It’s especially important to have local, community-based organizations participating in the testing events because it’s not just about the test itself. It’s also about connecting people to care, so that regardless of the outcome of the test, they will return to a trusted provider for ongoing healthcare, which could help them prevent infection in the future. This includes PrEP, which can reduce the risk of HIV infection by more 99 percent when taken daily.
Unfortunately, this year, the opportunity to make these connections through in-person testing events was not in the cards. But with the CDC reporting HIV testing being down 50 to 70 percent since March, Greater Than AIDS and Walgreens had to find another way to fulfill their commitment to ending the HIV epidemic.
One door closes, another opens
From virtual pharmacy visits to at-home beauty consultations, WBA has found new ways to champion the health and well-being of its customers from a safe distance. When it came to supporting HIV Testing Day, they weren’t going to let logistics get in the way.
“With or without a pandemic, in our stores or at home, it remains critical to highlight the role testing plays in prevention and care,” says Brad McElya, senior manager of specialty pharmacy for Walgreens. “This disease is something we’re focused on year-round, with more than 3,000 HIV-trained specialists in our stores. Luckily, there was a solution available to us: in-home testing kits, which we could support Greater Than AIDS in supplying for free to high-need areas.”
To meet the need for alternative means of providing testing, Walgreens and Greater Than AIDS, together with OraSure Technologies, pivoted to provide 10,000 OraQuick® In-Home HIV Test kits to local health agencies and community-based organizations to distribute at no cost to those unable to get tested in person.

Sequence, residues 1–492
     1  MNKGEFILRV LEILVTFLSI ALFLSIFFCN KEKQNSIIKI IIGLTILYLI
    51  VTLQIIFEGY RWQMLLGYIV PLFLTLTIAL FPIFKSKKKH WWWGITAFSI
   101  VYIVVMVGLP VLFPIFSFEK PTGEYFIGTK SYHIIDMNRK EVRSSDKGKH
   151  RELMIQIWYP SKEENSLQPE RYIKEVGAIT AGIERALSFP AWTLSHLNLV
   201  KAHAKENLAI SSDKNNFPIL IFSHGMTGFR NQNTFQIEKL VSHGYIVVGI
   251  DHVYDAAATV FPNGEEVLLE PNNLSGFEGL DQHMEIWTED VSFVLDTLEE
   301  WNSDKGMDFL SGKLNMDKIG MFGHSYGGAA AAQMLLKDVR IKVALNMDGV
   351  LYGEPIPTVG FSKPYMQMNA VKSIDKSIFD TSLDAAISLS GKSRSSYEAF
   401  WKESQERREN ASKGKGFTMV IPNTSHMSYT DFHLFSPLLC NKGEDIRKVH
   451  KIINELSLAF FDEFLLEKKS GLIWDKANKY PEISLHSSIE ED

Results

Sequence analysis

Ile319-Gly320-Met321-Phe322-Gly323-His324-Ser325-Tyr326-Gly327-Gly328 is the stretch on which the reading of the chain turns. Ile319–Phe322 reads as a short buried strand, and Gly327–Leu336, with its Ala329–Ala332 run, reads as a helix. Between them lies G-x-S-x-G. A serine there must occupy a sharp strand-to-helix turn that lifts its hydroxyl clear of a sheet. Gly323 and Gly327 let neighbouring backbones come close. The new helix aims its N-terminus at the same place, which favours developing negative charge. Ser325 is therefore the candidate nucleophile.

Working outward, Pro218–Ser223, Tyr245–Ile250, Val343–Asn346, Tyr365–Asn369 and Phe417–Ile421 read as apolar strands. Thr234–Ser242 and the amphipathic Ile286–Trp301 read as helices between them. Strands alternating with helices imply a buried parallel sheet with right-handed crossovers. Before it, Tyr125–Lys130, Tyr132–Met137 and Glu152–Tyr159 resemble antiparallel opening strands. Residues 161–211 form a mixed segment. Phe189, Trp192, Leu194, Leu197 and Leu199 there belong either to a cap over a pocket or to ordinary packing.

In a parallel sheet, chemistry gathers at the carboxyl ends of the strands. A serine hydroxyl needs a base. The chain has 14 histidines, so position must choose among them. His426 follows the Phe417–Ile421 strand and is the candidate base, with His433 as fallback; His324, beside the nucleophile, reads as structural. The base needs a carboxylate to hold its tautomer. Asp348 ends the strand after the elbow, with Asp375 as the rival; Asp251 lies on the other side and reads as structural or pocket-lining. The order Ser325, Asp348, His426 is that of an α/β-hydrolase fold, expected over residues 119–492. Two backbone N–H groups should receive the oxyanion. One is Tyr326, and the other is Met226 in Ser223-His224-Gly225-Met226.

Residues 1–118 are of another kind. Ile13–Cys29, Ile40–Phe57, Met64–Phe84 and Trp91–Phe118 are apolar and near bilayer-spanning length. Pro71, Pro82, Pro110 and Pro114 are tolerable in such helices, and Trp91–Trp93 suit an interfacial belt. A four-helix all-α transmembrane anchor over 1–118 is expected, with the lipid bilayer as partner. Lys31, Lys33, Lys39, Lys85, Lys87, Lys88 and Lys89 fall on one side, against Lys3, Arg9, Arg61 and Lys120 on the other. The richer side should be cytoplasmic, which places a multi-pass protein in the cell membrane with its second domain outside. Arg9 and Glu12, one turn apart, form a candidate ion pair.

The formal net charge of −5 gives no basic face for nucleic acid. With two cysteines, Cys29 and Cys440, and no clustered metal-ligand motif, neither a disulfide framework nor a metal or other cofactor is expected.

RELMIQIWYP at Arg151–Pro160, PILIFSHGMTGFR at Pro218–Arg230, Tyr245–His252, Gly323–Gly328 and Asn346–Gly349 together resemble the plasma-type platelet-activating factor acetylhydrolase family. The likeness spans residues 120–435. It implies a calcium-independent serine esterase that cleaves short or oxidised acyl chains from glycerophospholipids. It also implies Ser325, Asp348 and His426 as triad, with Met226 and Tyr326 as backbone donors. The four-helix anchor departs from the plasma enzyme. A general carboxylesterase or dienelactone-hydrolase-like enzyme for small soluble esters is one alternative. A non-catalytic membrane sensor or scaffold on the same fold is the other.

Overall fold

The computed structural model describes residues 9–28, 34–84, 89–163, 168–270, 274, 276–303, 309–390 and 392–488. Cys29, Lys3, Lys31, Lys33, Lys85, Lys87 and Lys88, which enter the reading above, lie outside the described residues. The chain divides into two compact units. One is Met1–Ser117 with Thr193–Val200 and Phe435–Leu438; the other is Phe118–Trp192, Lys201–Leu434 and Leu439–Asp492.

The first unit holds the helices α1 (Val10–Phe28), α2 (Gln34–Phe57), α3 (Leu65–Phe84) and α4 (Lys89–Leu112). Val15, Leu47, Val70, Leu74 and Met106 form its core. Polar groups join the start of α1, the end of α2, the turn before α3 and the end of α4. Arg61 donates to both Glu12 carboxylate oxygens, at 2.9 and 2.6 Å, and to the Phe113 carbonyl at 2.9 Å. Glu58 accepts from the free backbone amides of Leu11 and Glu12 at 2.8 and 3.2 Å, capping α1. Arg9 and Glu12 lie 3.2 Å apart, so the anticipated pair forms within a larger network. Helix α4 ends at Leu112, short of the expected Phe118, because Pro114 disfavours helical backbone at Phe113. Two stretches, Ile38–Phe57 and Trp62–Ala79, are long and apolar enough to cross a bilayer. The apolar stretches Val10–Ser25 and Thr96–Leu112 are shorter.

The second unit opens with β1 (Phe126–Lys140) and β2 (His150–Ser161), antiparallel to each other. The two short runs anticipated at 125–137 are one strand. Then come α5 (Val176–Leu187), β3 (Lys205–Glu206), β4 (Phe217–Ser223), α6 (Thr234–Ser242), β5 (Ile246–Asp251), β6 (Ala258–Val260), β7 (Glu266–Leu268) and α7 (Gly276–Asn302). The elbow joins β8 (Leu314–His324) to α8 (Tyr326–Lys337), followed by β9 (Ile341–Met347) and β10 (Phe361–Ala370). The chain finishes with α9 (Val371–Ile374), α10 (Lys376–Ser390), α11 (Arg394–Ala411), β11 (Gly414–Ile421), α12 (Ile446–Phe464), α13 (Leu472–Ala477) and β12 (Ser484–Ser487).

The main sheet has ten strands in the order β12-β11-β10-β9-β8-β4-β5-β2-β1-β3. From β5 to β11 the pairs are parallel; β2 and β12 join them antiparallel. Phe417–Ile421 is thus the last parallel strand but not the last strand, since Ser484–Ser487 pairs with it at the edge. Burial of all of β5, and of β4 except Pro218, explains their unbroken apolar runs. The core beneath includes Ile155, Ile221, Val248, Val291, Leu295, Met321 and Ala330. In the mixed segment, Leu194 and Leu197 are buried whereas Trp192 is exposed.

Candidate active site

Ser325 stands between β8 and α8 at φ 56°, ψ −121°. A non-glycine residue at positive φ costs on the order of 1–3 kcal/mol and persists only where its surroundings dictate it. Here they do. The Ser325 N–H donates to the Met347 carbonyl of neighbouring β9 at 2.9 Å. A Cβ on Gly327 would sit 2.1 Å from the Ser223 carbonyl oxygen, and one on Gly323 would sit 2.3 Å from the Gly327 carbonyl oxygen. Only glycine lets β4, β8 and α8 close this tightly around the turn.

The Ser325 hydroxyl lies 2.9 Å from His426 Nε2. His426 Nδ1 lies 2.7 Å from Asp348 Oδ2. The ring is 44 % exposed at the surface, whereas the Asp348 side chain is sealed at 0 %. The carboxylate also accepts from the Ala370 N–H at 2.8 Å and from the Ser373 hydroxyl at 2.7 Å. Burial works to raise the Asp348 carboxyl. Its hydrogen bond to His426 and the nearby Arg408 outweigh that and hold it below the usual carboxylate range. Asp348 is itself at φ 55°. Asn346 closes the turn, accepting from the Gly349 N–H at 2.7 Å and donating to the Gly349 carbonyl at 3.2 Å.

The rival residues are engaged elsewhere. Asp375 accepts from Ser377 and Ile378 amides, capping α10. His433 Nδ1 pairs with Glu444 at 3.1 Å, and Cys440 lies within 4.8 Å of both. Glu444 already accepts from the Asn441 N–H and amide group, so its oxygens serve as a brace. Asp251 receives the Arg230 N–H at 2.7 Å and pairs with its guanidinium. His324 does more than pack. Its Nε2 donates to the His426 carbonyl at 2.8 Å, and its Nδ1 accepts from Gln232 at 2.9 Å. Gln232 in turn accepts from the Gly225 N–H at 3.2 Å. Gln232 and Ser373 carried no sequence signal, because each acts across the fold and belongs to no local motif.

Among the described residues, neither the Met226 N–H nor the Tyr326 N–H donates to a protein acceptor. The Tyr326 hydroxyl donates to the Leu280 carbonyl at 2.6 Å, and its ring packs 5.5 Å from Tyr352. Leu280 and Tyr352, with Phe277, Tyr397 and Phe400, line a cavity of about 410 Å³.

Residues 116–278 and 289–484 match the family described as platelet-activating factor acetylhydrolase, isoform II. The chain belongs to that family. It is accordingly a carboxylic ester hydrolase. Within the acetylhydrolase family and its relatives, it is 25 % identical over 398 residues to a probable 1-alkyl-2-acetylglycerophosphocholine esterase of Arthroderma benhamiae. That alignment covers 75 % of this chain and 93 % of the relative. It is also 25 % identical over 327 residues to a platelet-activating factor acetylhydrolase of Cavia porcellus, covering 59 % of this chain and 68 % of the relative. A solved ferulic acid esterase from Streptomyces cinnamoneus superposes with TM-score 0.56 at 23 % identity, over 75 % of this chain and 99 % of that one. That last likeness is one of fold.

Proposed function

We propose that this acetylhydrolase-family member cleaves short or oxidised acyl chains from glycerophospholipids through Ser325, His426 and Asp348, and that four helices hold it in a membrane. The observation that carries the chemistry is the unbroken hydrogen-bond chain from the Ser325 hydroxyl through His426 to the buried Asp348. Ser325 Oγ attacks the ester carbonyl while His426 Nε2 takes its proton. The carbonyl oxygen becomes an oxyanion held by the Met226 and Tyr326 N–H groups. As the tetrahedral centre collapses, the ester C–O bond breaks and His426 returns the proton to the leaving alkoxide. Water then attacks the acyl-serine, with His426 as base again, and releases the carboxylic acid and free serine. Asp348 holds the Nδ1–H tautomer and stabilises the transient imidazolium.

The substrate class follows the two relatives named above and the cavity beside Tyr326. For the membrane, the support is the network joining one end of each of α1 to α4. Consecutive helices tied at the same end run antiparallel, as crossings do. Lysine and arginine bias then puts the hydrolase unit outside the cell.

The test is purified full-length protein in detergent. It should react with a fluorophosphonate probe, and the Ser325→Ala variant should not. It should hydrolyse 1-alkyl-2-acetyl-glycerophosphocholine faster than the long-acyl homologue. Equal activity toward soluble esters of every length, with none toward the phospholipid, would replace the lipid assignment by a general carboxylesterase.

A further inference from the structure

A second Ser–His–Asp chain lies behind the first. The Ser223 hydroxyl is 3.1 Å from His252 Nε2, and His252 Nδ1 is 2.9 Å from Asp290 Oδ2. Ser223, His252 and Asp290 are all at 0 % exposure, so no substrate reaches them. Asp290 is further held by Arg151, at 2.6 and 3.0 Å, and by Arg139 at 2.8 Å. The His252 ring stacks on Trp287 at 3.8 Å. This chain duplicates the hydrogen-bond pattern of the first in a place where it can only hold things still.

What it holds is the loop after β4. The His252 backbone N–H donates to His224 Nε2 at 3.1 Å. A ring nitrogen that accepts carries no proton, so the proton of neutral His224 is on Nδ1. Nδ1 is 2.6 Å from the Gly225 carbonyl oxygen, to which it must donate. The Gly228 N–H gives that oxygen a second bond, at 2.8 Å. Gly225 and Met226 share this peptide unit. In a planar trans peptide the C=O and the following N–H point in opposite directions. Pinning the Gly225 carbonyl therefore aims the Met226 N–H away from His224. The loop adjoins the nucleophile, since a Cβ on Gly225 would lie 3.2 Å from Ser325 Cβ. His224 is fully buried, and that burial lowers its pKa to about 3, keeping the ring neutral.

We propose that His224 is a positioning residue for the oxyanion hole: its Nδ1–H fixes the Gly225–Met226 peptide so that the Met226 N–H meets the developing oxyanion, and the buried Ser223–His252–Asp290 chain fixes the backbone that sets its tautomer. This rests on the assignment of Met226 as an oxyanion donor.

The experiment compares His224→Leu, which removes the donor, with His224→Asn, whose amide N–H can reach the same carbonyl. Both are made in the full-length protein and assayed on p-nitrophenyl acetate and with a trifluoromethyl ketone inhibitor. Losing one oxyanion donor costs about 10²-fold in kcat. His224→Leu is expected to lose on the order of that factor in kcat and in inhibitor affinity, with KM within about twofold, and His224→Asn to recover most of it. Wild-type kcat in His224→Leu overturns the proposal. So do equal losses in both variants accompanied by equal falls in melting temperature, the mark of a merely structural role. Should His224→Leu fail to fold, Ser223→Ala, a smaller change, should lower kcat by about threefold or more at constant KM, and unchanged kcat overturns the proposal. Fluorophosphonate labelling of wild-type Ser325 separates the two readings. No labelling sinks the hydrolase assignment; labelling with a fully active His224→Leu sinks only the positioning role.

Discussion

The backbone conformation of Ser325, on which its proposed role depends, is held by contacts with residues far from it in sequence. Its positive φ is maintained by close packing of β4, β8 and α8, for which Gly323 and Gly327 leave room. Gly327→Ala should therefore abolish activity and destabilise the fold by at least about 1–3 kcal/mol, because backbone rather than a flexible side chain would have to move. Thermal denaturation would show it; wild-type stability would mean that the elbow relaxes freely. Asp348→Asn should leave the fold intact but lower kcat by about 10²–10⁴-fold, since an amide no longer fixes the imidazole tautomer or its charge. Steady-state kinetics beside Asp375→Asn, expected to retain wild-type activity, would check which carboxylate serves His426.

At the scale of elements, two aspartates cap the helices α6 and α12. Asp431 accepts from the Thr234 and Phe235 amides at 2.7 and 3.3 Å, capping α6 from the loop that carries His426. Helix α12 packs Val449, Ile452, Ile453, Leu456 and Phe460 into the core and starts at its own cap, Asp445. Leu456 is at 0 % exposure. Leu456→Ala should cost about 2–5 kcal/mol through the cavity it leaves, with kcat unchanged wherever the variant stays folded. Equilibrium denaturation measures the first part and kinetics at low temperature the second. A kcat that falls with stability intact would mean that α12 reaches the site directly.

One of those agencies is SisterLove Inc. (SLI), a women, family and community-centered HIV and reproductive health nonprofit in Atlanta. Founded in July of 1989 as a volunteer group interested in educating their neighborhoods about HIV prevention, self-help and safer sex techniques, they have since become a powerful army of good, fighting the health inequities that disproportionately affect Black communities.
A SisterLove staff member helps at a pre-COVID community event.
“We got into the business of HIV testing and counseling because women were being left out of the equation. But all of the things that exacerbate our health concerns – the social and economic conditions that impact us in terms of poverty, lack of education, holding multiple jobs – were putting us at risk of the virus and other chronic illnesses,” says Lisa Diane White, deputy director of SLI. “We just had to pay attention.”
Adapting in real time
Prior to COVID-19, SLI had a full-time staff engaged in testing hundreds of people per month, as well as holding health and wellness workshops and community health events. Even as stay-at-home orders and restrictions forced SLI to physically shut its doors, the work continued virtually, with staff answering calls and ensuring the community was referred to other agencies that remained open.
“Like everybody else, we thought we would be back to business soon, but that never happened,” White says. “But people were still calling, needing tests, and they couldn’t wait until next month, or whenever things opened up. Most people are coming to us because they need to know right away if they’ve been exposed to HIV. They need the test; they need counseling sessions to at least determine what type of exposure they may have had, to determine if they need to see a doctor and get on post-exposure prophylaxis, which needs to be taken within 72 hours of exposure.”